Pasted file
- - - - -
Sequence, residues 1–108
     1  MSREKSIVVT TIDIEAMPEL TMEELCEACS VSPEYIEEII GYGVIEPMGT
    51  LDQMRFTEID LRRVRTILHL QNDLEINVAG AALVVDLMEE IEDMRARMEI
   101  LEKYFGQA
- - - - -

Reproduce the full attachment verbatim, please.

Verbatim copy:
Sequence, residues 1–108
     1  MSREKSIVVT TIDIEAMPEL TMEELCEACS VSPEYIEEII GYGVIEPMGT
    51  LDQMRFTEID LRRVRTILHL QNDLEINVAG AALVVDLMEE IEDMRARMEI
   101  LEKYFGQA